Healthier, Wealthier and Wiser: Are Cities with Soda Taxes Better Off?
Improving city schools and parks may not have been novel campaign promises, but when it came to funding such aspirations, Philadelphia Mayor Jim Kenney had something new to say. He championed the Philadelphia Beverage Tax, a 1.5-cents-per-ounce tax on sweetened beverages to help fund schools, pre-kindergarten classes, parks and libraries.
Last year, Philadelphia became the second U.S. city after Berkeley, Calif., to adopt a sweetened beverages tax. Boulder, Colo., Seattle, Wash., and San Francisco, Oakland and Albany, Calif. have since joined them.
The new taxes attract opposition from the beverage industry and warnings that they could eliminate jobs and burden low-income families more than others.At the same time, emerging evidence suggests they have the potential to reduce public consumption of sweetened drinks and help combat high rates of obesity and diabetes seen across the nation.
Nowhere in southwestern Pennsylvania is there such a tax.
“Unlike wage or property taxes, it’s a tax that no consumer must pay,” said Mike Dunn, deputy communications director for the City of Philadelphia. “You have a choice: you can buy these non-essential, non-nutritious drinks or not. And keep in mind, distributors are not required to pass this tax on to dealers.”
In 2017, the Philadelphia Beverage Tax generated $78.8 million in additional revenue for the city.
Not so sweet for public health
Sugar-sweetened beverages—which include sodas, sports drinks and juices—are a major contributor to the country’s rising obesity rates. Studies suggest that consumption of sugary drinks, like soda, have risen along with obesity, diabetes and heart disease over the past 40 years and that cutting back on these sugary drinks helps people control their weight.
Throughout the country, “sin taxes,” such as those on tobacco and alcohol, have shown that increased taxation leads to decreased consumption. Today, with more U.S. cities and nations ranging from Hungary to Mexico taxing sugar-sweetened beverages, researchers are getting a better look at the impact they have on public health.
“A lot of this is figuring out how to get people to eat differently,” said Karen Hacker, director of the Allegheny County Health Department. “The strategy being if you can change the options around them, people will make different choices. You can try to disincentivize the kinds of things you don’t want people to eat and drink and the soda tax is one of those strategies. The issue with sweetened beverages is that it’s a lot of empty calories. And in some cases people are drinking four or five servings of soda in one bottle and they’re not even aware of it.”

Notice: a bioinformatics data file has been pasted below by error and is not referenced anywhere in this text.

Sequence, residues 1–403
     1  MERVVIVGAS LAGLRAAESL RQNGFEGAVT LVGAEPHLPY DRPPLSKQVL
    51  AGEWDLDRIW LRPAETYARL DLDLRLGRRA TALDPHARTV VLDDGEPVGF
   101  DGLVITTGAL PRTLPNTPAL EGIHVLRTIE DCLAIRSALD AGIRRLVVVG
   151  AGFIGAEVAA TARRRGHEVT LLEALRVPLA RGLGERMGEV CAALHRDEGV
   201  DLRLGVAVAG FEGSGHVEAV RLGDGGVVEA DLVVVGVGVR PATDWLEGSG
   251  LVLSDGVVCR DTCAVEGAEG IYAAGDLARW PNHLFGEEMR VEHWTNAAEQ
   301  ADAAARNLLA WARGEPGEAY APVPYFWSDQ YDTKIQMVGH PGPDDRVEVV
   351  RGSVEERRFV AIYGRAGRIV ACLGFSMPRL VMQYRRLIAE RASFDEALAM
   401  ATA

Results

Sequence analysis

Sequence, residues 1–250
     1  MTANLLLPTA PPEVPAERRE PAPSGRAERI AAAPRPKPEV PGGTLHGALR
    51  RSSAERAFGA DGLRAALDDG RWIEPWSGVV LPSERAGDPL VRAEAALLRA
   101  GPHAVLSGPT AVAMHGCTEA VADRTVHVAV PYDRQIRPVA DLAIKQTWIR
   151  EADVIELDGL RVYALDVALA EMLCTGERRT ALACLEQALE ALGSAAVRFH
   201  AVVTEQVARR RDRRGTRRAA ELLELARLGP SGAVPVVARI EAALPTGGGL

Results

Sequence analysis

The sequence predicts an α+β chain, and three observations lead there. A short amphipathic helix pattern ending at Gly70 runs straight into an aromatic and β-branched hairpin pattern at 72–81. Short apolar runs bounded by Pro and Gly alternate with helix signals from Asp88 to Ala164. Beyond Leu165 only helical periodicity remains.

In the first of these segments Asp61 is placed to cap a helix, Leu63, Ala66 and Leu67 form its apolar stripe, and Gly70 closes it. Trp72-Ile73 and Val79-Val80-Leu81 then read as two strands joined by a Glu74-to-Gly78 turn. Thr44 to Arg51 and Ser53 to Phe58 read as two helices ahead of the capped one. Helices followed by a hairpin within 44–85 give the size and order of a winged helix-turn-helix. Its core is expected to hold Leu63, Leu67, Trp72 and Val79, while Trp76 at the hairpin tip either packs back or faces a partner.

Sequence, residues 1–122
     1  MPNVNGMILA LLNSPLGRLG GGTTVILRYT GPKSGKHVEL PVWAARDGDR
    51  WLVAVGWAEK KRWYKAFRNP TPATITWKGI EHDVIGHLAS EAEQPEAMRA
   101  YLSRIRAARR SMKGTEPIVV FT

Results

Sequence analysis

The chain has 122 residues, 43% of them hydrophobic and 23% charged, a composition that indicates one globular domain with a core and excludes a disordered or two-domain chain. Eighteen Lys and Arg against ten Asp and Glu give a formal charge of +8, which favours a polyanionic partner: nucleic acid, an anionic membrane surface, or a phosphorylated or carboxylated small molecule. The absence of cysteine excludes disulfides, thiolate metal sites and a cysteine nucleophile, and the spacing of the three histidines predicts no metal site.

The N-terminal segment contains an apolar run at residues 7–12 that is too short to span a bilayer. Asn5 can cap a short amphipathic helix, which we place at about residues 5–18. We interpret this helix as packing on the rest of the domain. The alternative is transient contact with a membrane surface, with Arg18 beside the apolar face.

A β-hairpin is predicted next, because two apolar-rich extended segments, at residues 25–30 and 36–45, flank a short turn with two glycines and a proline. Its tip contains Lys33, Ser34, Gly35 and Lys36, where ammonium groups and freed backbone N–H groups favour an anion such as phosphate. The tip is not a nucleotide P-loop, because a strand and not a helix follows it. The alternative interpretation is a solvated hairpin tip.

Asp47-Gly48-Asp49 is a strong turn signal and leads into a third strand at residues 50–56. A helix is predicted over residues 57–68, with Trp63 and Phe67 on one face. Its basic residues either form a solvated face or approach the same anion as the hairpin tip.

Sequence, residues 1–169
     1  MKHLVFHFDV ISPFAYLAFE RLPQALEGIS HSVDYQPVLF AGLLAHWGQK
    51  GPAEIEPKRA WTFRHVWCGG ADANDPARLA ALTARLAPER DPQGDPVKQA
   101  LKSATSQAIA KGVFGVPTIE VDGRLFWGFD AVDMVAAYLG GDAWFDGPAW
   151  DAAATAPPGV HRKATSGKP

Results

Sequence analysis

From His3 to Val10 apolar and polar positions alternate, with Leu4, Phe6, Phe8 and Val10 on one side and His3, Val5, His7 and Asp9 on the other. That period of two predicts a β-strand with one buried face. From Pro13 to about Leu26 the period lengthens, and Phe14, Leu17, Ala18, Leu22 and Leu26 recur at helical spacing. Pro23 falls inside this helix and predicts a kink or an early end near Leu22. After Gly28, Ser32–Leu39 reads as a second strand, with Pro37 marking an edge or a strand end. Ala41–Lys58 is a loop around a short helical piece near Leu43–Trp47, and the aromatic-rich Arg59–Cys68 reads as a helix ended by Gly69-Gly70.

Only one out of three adults in the Pittsburgh Metropolitan Statistical Area reported being a healthy weight in 2016, according to the most recent data from the Centers for Disease Control Behavioral Risk Factor Surveillance System. That number is on par with the rest of the country.
Being overweight or obese carries a higher risk of heart disease and diabetes. About 11 percent of the region’s population report having diabetes, according to CDC data. And such public health concerns are costly. The U.S. spends an estimated $190 billion a year treating obesity-related health conditions, according to a 2012 study in the Journal of Health Economics.
As obesity has risen, so has the consumption in sugary drinks. In the 1970s, sugary drinks accounted for about 4 percent of the daily calories consumed by Americans. By 2001, they accounted for about 9 percent, an American Journal of Preventative Medicine studied reported.
The link between consuming sugary drinks, weight gain and higher risk of type 2 diabetes is well established. For example, a decades-long study published in the Lancet showed that people who increased their sugary drink consumption by one can a day gained more weight than people who didn’t drink more.
Research on the effectiveness of sweetened drink taxes is in its infancy compared to studies of taxes on tobacco, which have been enforced for decades.
“We have a lot data on tobacco taxes, ” Hacker said. “We can even tell you if you raise a tax by this much, this is the impact you will see in terms of public health impact and tobacco sales. We don’t have this information on sugar yet.”
More is being learned. Drexel University researchers report, for example, that within the first two months of Philadelphia’s tax, residents were 40 percent less likely to drink a soda every day compared to nearby cities, according to their study in the American Journal of Preventative Medicine. And the likelihood of Philadelphians consuming energy drinks was 64 percent lower than in other cities.
The World Health Organization, after examining fiscal policies around sweetened beverages in countries ranging from Mexico to Finland, concluded that a 20 percent increase in the price of sugary drinks would likely lead to a 20 percent reduction in consumption.
The future of soda taxes and their long-term effect on obesity and other disease rates is unclear. The key to the tax’s effectiveness lies in what takes the place of someone’s daily soda, Hacker said.
“The big question is, what do people replace those calories with? If they replace sugar-sweetened beverages with water, that’s great. But if they perceive sweetened iced teas and fruit juice as less calorie-dense and replace it with those, that’s not going to help.”
In the early months of Philadelphia’s tax, residents were 58 percent more likely to drink bottled water daily compared to other cities. And they were less likely to have soda and energy drinks. But no change was seen in their consumption of other drinks covered under the tax, such as sweetened tea and fruit juice.
NEXT WEEK, Spotlight looks at the legal, legislative and other challenges adopting a sweetened beverage tax would face in southwestern Pennsylvania, where doing so hasn’t been attempted.